Recently, when the government of India certified that cities like Indore, Surat, Hyderabad, Vizag, etc are Water Plus, it raised a number of questions including the credibility of the claim, lack of credit worthy independent assessment, how sustainable are the claims, etc. The author of the following article rightly raises the question if the cities are at all Water Plus. They are clearly not. While recycling and reuse of 30% of treated sewage and full treatment of waste water is welcome in view of the current pathetic status of city water management in cities, this achievement, if it is real as assessed by credit worthy independent assessment & judged against a set of well-defined criteria of sustainability among others, is worth appreciating, but it certainly does not deserve Water Plus City label. To achieve that label, a lot more and a lot different kind of achievements will be required.Continue reading “DRP NB 13 Sept 2021: Misleading claim of Water Plus cities”
GUEST ARTICLE BY SARANG YADWADKAR
A city along the banks of five rivers,
A city with 7 dams on the upstream,
A city surrounded by pristine green hills,
Hence probably the only city to enjoy abundance of water even in drought like situation.
Due to this abundant availability of water, the city of Pune grew very rapidly. But this situation has a darker side of frequent flooding as well, which the citizens have witnessed and experienced quite a few times. The most recent example, is the floods in 2019. In a few hours hundreds of houses were washed away; properties worth Crores of rupees were destroyed and 25 innocent people lost their lives. The flood water breached the flood levels to inundate innumerable houses and even a hospital. In 2020 too, Bhairoba Nala breached its limits.Continue reading “PUNE RIVER FRONT DEVELOPMENT PROJECT”
( Feature image:- Women members of Raini village’s gram sabha, Source: Atul Sati/ Facebook/The Quint)
The July 14, 2021 order of Uttarakhand HC, dismissing the petition of those affected by the Chamoli disaster of Feb 2021 and asking that NTPC, developer of the Tapovan Vishnugad project be accountable, is most distressing. While Indian judiciary is rightly credited with doing a lot for the cause of environment and people in general, in the unequal battle of the communities and activists against injustice and negligence of giant projects and their developers, the judiciary has more often failed to ensure that the developers are held accountable and are not allowed to bulldoze ahead using their might, supported by the state, to crush attempts to achieve just and democratic results. In the Chamoli disaster, there are many many questions that remained unanswered and one expected the HC to use the petition to seek those answers. But in stead, the HC has chose to question and fine the petitioners. One hopes the higher judiciary will correct this and stay the order and in stead seek answers from the developers of the hydro projects in such fragile, disaster prone areas and those that sanctioned such projects, including the environment ministry, the state government, the CWC, the CEA, the Geological Survey of India and also the project developers.Continue reading “DRP NB 2 Aug 2021: Disappointing UKD HC order on Chamoli disaster: Will SC intervene please?”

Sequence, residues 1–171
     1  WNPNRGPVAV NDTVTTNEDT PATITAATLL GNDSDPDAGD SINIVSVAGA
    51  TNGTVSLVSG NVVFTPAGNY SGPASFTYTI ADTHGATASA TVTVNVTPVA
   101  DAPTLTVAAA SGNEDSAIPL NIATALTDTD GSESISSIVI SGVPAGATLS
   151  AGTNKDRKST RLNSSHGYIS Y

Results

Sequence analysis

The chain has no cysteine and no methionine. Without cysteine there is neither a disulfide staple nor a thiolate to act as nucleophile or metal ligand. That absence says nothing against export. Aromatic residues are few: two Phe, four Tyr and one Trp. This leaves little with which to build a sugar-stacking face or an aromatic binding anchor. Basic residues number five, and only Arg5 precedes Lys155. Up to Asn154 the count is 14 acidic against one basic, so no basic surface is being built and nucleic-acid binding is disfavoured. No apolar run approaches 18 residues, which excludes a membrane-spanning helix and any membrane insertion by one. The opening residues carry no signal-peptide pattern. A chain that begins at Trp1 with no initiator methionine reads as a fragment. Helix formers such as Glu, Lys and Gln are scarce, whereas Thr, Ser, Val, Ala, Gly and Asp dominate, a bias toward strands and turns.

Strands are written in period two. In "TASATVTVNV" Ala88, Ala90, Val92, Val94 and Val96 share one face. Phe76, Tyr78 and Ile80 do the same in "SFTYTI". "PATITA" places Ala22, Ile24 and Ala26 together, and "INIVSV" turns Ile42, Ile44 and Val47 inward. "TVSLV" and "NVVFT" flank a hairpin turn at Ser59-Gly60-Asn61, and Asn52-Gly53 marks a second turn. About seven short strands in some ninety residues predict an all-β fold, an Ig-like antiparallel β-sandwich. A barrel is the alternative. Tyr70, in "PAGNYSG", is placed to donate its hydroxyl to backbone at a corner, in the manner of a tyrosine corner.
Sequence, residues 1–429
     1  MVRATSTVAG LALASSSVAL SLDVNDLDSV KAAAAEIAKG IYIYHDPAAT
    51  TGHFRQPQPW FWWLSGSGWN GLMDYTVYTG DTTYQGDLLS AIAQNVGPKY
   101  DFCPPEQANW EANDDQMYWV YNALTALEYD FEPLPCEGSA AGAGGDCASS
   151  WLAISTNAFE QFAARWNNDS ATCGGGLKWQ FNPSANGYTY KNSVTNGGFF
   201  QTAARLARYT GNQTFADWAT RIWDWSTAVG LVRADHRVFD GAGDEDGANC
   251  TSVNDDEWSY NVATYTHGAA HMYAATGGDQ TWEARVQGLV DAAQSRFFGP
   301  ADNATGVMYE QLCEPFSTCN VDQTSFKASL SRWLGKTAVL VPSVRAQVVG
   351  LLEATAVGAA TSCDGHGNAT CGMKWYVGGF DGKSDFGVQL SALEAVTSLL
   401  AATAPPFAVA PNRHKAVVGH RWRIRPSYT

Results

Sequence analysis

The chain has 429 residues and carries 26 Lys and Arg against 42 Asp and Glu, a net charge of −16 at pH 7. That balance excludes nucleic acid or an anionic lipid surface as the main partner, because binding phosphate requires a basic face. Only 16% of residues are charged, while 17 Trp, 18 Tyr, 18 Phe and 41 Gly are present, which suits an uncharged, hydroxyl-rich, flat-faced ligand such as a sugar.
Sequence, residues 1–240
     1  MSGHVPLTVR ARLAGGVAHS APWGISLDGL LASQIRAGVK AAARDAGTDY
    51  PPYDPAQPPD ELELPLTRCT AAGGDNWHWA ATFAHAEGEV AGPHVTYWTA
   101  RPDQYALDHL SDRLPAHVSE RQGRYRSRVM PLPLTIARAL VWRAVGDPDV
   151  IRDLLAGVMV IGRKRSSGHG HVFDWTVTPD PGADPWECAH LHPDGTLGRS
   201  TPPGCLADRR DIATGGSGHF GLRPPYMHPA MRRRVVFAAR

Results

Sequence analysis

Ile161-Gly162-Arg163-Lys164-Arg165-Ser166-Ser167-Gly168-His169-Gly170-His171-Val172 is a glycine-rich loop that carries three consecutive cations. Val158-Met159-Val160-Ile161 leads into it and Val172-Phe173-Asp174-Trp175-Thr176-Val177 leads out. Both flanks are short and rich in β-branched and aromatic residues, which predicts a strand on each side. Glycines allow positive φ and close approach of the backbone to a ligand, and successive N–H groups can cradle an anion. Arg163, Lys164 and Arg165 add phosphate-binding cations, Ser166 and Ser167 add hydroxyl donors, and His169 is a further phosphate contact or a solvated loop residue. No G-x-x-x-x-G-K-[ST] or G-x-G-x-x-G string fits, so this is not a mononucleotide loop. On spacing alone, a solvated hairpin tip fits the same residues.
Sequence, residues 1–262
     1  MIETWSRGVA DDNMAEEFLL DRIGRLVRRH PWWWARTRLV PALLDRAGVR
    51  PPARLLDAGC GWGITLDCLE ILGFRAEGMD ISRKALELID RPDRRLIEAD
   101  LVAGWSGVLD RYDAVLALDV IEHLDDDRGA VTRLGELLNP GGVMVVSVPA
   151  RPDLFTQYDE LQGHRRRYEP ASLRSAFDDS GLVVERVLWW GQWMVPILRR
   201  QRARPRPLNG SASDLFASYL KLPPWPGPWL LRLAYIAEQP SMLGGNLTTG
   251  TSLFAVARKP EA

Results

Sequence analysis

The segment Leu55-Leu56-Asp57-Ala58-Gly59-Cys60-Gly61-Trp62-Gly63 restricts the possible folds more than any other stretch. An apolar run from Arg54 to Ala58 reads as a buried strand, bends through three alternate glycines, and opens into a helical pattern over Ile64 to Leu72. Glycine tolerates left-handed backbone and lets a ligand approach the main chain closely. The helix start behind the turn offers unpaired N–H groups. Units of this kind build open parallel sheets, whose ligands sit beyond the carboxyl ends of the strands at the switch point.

Bangladesh has declared the whole 81 km long Halda River, a tributary of Karnaphuli River in Chittagong in South East Bangladesh. The Halda river is also famous for breeding pure Indian carp. This is the only pure Indian carp breeding field of Bangladesh, perhaps in South Asia. This is a remarkable river conservation decision that has a lot of lessons for much bigger India where no river has been protected as fisheries heritage. This is great way to begin the first weekly DRP Bulletin of 2021 and we hope the Indian government, civil society and judiciary will take due note of this.
Controversy is never far away from any such river conservation efforts as is evident from the news about proposal for a Halda River based water supply project for industrial estate that has been opposed by the Fisheries ministry, water resources ministry, the River Conservation Commission, the Department of Environment and independent researchers.Continue reading “DRP NB 4 Jan 2021: Bangladesh declares Halda River as Fisheries Heritage”
The overview presents picture of river sand mining in Odisha based on available information in public domain from past 18 months.
Illegal Sand Mining Incidents